This wasn't a bad decision by Moore. Miller was in single coverage on Nevada corner Khalid Wooten, and I have no problem with Moore giving Miller a chance in one-on-one. The problem was that Wooten had inside leverage on Miller (meaning that Wooten had his body between the ball and Miller), so the throw needed to be outside rather than inside.
I guess Miller could have done more to break up this pass, like maybe pull Wooten to the ground, but as you can see in the above picture, Miller did make an attempt. He doesn't play corner for a reason.
No. 10: Incompletion to Kyle Efaw - overthrow
This was one of Moore's worst throws of the day in my opinion because it was also one of the easiest. Efaw was wide open in the back of the end zone, and it is a pass that Moore hits nine times out of ten. I imagine he was trying to float it over a defender and just floated it too much. Either that or he saw KBOI news kid Troy Oppie in the back of the end zone and wanted to pull a goof.
No. 11: Incompletion to Gabe Linehan - overthrow / miscommunication
I'm leaning toward miscommunication on this one. You'll remember this play as the one where Linehan was wide open and the pass was a good five yards over his head. Moore was visibly confused / frustrated with Linehan, so I get the impression that Linehan wasn't where he was supposed to be. On long, arcing throws like this, Moore is releasing the ball before Linehan is finished with his route, and his route didn't seem to be the same one Moore expected.
No. 12: Incompletion
Play-by-play does not list the intended target on this one, and my memory fails me. Intern, fetch my ginkgo.
No. 13: Incompletion to Mitch Burroughs - dropped pass
No need to relive this one any more.
No. 14: Incompletion to Matt Miller
There is Kellen Moore's day in a nutshell. When you add it up, over one-third of his incompletions were either drops or good plays by Nevada. Only one of his interceptions was a poor throw (the other was the result of being heaved to the ground in the process of the throw).
So really, Moore's numbers could have been a lot better if just a few breaks had gone his way and a certain INT was never thrown. Instead of this:
19-for-33, 58 percent, 142 yards, 2 TDs, 2 INTs
... Moore could have had this:
22-for-32, 69 percent, 223 yards, 3 TDs, 1 INT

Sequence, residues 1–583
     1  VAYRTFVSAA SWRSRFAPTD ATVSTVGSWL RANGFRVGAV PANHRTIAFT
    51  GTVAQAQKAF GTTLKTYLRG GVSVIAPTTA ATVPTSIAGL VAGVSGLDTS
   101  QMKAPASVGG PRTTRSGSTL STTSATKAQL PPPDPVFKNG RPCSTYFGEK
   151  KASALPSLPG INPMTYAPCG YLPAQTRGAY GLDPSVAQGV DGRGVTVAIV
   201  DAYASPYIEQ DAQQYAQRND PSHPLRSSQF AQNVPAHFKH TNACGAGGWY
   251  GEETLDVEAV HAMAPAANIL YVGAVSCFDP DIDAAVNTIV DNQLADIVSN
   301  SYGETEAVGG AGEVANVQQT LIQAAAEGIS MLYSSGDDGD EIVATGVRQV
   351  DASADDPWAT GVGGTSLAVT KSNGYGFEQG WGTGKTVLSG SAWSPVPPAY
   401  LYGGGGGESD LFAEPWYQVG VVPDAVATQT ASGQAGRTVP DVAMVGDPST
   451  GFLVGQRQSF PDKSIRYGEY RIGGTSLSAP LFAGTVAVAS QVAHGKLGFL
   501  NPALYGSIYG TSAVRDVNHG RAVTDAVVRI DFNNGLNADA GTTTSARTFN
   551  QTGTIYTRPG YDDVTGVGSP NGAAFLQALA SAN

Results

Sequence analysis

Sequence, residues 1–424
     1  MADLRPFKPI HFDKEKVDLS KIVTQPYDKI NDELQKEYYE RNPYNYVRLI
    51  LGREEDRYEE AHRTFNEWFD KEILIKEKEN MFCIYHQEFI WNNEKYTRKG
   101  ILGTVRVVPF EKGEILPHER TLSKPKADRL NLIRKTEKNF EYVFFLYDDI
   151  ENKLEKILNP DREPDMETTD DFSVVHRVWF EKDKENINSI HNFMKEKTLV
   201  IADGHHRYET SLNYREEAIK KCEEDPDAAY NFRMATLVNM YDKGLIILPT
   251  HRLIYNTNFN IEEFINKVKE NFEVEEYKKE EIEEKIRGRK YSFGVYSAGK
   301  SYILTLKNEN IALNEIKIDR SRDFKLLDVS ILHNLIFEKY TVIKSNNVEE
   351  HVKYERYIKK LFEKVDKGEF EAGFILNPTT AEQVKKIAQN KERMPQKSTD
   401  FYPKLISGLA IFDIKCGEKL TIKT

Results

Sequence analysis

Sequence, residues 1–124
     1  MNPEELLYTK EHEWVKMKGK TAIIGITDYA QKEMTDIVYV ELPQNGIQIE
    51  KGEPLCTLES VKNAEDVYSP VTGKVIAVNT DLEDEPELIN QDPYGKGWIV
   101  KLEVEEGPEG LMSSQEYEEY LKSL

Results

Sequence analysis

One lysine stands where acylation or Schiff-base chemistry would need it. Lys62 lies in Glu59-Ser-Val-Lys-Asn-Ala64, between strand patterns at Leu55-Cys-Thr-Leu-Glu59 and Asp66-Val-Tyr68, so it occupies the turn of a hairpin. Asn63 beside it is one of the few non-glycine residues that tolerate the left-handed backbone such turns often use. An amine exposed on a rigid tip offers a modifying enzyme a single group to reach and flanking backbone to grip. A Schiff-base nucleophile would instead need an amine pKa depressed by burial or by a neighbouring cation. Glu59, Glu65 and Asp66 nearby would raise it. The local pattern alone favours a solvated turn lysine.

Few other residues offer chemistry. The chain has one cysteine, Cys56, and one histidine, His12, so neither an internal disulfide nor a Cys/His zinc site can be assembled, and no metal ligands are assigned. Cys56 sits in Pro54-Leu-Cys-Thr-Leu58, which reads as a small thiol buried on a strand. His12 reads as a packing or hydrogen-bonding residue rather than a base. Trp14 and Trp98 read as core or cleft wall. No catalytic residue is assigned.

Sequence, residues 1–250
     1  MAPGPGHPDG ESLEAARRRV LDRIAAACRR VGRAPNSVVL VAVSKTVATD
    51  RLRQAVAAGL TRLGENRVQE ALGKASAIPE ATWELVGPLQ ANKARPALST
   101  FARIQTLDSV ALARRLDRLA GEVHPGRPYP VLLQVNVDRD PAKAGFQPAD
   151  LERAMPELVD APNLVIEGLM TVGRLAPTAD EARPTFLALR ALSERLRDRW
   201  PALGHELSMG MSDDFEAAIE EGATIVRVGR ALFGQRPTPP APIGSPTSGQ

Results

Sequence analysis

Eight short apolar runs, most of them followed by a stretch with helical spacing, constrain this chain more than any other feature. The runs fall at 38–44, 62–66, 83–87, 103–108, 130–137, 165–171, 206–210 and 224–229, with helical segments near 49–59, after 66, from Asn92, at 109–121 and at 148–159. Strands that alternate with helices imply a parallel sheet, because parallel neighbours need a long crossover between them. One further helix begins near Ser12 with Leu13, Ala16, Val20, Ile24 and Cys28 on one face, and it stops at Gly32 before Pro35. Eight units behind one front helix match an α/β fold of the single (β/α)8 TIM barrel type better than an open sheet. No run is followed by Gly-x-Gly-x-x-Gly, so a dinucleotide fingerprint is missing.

Obviously, Moore's throws were off on Saturday more often than they have been at any other time in his career. But it is no reason to panic. See how things go on Friday against a Fresno State pass defense that ranks 46th in the country, and then we can talk again.
- Doug Martin's 43-yard touchdown run came on the same play as his 33-yard touchdown run the week before against Tulsa. It was Boise State's double-pull where center Cory Yriarte and guard Joe Kellogg got out in front to lead the way. The way Nevada was lined up, the Wolf Pack never had a chance.
- You may remember and/or may still be incensed about Martin's 92-yard run that got called back for holding. Was it really a holding penalty? Well, there were some shreds of evidence that made it somewhat undertsandable how Gabe Linehan could be called for a hold. Linehan engaged his defender and then bent down to take the defender's legs out from under him. No problem there. But Linehan did a sneaky blocking move in tugging the defender down as he was cutting him. From the naked eye, it looks like a clean cut block. From slow-mo replays, you could see just the slightest jersey pull downward as Linehan went for the low block. Holding? Maybe, technically, but you see players get away with a whole lot worse.
- Putting Jamar Taylor in man coverage on Rishard Matthews is a departure for a Boise State defense that traditionally keeps its corners on the same side of the field for the whole game.
- The Broncos went with five defensive linemen for several snaps, using Shea McClellin as a hybrid linebacker-nickel-end. Pretty cool gig if you can get it.
What are your theories about Kellen Moore's passing day? Anything to be worried about? Think he'll bounce back next week against Fresno? Share your thoughts in the comments.